What a waste! £9m buried in ground annually in Luton through landfill tax
But 22,000 households signed up to green waste collection charge, bringing in £862,000
Luton residents are "burying £9m in the ground" annually through landfill tax, which could be reduced through more recycling, a meeting heard.
Saving the sum could lower council tax rises and potentially avoid the need for service cuts, the borough council's overview and scrutiny board was told on November 22.
Service manager for street scene Alex Greene updated councillors on the town's garden waste collection service, saying: "We began in March this year hitting the ground running.
"We were expecting about 7,500 subscriptions, but we actually had more than 22,000.
"This service has done extremely well over the year prioritising the service and making sure it happens. We've not had to suspend a single service.
"The total income is £862,000. The total cost of the service is £841,000."
Labour Biscot councillor Haji Abid told the board residents ask him what their council tax is spent on.
Labour Challney councillor Tom Shaw said: "What he should do is encourage everyone in his ward to recycle better and recycle more, because we wouldn't have to put the council tax up if less went to the tip .
"You're still burying £9m a year in the ground with this council. By getting everyone to recycle, if we can save that money being buried in the ground on landfill tax, all the council will be better off and we could avoid loads of cuts.
"We can't carry on the way we have done for the last 50 years just sending stuff up to the tip, burying it and paying the government £108 a tonne in landfill taxes.
"Every tonne we don't take to the tip will give this local authority £108 saving. That's got to be our target, so councillor Abid if you want someone to talk to your council taxpayers about how to save money I'd be quite happy to do it."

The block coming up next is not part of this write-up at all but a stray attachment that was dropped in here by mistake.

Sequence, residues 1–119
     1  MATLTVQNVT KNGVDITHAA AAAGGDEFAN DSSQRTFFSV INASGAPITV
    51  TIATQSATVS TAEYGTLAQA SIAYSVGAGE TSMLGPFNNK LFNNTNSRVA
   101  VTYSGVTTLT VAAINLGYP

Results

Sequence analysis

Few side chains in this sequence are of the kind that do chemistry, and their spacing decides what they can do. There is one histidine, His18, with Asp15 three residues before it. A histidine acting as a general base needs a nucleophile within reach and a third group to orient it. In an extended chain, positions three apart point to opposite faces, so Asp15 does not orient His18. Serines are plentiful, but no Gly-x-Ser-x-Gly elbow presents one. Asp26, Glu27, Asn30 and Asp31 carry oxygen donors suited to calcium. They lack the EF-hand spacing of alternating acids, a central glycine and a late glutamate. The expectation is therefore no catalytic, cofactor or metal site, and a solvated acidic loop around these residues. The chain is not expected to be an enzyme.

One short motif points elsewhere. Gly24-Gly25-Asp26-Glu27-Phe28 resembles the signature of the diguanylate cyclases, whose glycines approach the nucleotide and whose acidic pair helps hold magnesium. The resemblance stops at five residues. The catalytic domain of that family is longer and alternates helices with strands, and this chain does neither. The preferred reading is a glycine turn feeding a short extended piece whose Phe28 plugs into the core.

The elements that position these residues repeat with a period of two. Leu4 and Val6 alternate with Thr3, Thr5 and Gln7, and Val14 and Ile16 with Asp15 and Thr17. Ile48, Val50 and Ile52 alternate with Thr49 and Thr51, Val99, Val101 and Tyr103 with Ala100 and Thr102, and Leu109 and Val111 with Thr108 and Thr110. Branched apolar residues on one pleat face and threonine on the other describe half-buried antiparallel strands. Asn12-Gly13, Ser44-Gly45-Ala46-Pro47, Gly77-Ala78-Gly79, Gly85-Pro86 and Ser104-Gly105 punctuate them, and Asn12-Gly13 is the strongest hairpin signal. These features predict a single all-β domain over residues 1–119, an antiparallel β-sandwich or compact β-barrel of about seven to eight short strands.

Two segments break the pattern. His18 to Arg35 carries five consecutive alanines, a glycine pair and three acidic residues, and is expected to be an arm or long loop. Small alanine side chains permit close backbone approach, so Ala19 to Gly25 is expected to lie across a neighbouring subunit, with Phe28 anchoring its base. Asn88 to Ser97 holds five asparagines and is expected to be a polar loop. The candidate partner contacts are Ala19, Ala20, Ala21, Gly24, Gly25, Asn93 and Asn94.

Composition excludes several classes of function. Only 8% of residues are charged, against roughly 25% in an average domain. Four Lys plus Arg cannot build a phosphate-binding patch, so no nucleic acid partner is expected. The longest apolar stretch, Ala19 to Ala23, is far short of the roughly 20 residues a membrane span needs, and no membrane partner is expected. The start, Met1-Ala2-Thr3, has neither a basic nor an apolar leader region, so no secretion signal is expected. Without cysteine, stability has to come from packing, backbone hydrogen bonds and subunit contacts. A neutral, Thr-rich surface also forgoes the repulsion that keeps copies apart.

Councillor Shaw, who's the portfolio holder for housing, waste and climate change, said: "We put a full [garden waste] service back into the town, which people wanted, at £40 annually.
"It's one of the cheapest costs for garden waste service in the country and we made it a success.
"A lot of councils had to cut services because of a lack of drivers. We gave first-time supplement to HGV drivers and managed to keep hold of most of them.
"That's had to be put into this year's account, but we've not had to put up the annual cost any further because of the £20,000 surplus.
"We got some extra wagons, which are more envorinmentally friendly. Our fuel costs are up by 8p a litre. Everything's gone up, but we've managed to keep this price the same as it was last year.
"Hopefully more people sign up because it's been such a great success. That's a win, win for everyone in Luton."
Liberal Democrat Sundon Park councillor Anna Pedersen, who chairs the board, asked what residents should do if they want their unused brown garden waste bins taken away.
Mr Greene replied: "The decision was made not to take bins away during the first year based on the experience of other councils.
"They just have to ring the call centre and we'll remove the bin, starting in January."
Liberal Democrat Barnfield councillor David Franks explained: "By introducing the charge you're covering the cost of a service you were delivering already.
"The council is half a million pounds better off and can continue providing a valuable service."
The board agreed to support the continued offer of an annual garden waste subscription service at £40 during 2022.
Could you recycle more? Did you opt to pay the green waste charge? Email views to [email protected]